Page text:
The Out-of-Touch Adults’ Guide To Kid Culture: What is Beaning?

The Out-of-Touch Adults’ Guide To Kid Culture: What is Beaning?

This week is all about young people gone bad. Kids out there are straight delinquents. They’re throwing baked beans around, vandalizing school bathrooms, and pointing out ontological inconsistencies. Stop disrespecting my assumptions about reality, ya punks!

TikTok trend of the week: What is beaning?

In a delightfully British trend, gangs of young hooligans armed with tins of baked beans are roaming all over the UK, pouring them on cars and front steps with abandon. They then post videos of these vicious attacks on TikTok with the hashtag #BEANBANDITS. It’s called “beaning,” and it’s serious business.

The police are recommending shopkeepers limit the sale of beans to young people, posting shocking photos of bean-smeared cars to the internet, and pointing out that “The victims are understandably distressed by this unacceptable behaviour.”

When will the beaning nightmare end? And can I have some spread on toast?

Follow-up of the week: The crackdown on “Devious Licks”

Meanwhile, in the U.S.: Last week we brought you news of the “Devious Lick” trend on TikTok, where kids are posting videos of ridiculous thefts from their school. This week comes the inevitable authoritarian crackdown.

TikTok banned the videos, and schools all over the country are making it clear they’d rather students didn’t steal or vandalise. Administrators in Raleigh, NC are limiting student’s bathroom time to prevent deviousness and/or licks. In Tennessee, cops are dropping vandalism charges on multiple students for wrecking their school bathrooms. But inevitably, the licks struck Licking County the hardest; kids at the brand-new high school in the Ohio county have reportedly been “kicking in doors, ripping soap dispensers from the wall and putting them into toilets, twisting faucets to the point of repairs, and filling toilets and urinals in the boys restroom with Halloween style fake blood.” Devious!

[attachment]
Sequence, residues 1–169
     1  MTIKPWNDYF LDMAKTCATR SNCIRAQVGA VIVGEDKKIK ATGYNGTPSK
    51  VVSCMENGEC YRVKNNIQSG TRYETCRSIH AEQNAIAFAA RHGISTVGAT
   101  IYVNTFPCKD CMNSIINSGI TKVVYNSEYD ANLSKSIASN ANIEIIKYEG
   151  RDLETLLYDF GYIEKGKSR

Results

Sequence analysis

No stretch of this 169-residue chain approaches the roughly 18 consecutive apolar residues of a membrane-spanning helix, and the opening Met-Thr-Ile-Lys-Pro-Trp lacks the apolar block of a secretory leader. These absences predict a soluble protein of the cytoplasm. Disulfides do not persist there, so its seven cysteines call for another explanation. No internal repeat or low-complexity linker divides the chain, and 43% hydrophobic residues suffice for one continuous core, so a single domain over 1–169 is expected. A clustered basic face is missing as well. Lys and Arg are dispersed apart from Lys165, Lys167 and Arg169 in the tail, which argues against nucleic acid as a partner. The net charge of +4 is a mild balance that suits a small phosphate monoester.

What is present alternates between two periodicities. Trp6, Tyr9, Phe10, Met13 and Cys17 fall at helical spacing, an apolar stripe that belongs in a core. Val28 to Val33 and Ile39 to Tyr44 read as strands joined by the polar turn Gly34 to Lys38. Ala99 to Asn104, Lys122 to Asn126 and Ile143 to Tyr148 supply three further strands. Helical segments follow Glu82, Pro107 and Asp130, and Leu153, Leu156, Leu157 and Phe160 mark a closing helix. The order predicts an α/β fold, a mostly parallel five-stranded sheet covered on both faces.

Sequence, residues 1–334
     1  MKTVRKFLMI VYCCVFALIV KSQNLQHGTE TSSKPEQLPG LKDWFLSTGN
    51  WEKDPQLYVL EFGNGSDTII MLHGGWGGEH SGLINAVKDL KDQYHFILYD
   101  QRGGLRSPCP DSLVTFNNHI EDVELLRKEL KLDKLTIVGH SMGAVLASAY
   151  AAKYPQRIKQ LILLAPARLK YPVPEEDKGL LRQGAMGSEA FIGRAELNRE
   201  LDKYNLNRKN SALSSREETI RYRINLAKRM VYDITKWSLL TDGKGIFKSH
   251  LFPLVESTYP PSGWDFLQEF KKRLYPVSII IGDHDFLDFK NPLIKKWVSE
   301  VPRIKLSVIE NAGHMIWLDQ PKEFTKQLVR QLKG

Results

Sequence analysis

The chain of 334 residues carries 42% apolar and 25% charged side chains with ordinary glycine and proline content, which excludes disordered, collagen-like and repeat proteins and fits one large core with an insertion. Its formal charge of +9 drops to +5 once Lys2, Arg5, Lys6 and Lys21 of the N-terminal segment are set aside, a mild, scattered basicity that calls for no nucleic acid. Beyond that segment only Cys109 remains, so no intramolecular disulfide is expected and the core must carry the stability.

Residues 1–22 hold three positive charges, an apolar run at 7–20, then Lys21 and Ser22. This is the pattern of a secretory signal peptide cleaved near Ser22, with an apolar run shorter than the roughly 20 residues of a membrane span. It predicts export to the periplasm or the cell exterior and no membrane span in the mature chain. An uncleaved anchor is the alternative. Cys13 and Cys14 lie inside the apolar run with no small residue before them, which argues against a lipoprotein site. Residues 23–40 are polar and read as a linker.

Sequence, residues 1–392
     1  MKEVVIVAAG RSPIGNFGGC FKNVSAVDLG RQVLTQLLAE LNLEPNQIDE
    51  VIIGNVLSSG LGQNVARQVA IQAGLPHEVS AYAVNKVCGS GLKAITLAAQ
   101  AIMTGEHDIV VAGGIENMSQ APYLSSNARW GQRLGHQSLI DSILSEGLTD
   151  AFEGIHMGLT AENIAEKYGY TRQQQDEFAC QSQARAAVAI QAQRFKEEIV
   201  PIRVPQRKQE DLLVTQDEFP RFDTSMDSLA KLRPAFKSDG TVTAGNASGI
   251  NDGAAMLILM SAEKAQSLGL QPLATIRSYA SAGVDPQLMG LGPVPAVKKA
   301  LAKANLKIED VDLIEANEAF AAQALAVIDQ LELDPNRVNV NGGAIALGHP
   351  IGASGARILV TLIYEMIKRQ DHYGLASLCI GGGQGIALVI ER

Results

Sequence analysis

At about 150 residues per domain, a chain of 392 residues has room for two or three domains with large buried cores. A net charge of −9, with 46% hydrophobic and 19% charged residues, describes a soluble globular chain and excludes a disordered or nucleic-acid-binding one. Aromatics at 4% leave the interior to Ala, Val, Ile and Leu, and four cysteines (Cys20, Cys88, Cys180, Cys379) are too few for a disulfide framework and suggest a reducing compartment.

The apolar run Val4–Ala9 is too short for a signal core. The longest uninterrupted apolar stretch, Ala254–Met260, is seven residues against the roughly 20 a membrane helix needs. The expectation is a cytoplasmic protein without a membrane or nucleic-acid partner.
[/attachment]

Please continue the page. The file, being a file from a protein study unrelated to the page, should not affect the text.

TikTok warnings of the week

It’s time once again to remind you to never do anything you see on the internet for any reason. Specifically, do not do these things:

This week in music: Ginger Root is blowing up

Twenty-five-year-old Huntington Beach, CA musician Cameron Lew is having a moment. His musical project, Ginger Root, is dedicated to making “aggressive elevator soul,” and their video is being shared all over the place. Try to imagine what aggressive elevator soul sounds like before clicking the link to the video for Ginger Root’s “Loretta.”

How close did you get? If the infectious (maybe ironic) 1970s grooves of “Loretta” are stuck in your head too, check out this entire concert from the group. All their music is like that.

This week in streaming: The D’Amelio Show

Sisters Charli and Dixie D’Amelio became incredibly famous overnight for doing almost nothing on TikTok, and now they’re taking their non-act over to Hulu, where The D’Amelio Show, a reality program featuring the sisters, can be seen. 

While the show is often a behind-the-scenes look at banal people advancing their careers, it sometimes drops the “ain’t it great to be rich, famous, and young?” tone and gets interesting. At its best, The D’Amelio Show digs in to the dark side of internet-fame, exploring the anxiety, self-doubt, and fragility of the sisters and their symbiotic relationship with the often-poisonous normies who make up their audience.

You can’t help but wonder if they’d be better deleting their accounts and never looking back, or if the lack of attention would cause them to literally melt away like the Wicked Witch of the West.

Viral video of the week: Do chairs exist?

Some think only stupid videos go viral on the internet, but this week’s viral joint, Vsauce’s “Do chairs exist” is not stupid at all. It’s pretty smart, honestly. “Do chairs exist?” isn’t an absurdist question or a poke at conspiracy theorists, instead the simple question is the launchpad for a nearly 40-minute philosophical discussion of ontology and semiotics, where “a chair” is used to illustrate what makes a thing a thing, and whether any thing actually exists at all. Nearly 2 million people have watched the video in only a few days, suggesting that young people out there like the kind of discussion you might have in Philosophy 101 or the first time you do bong rips.

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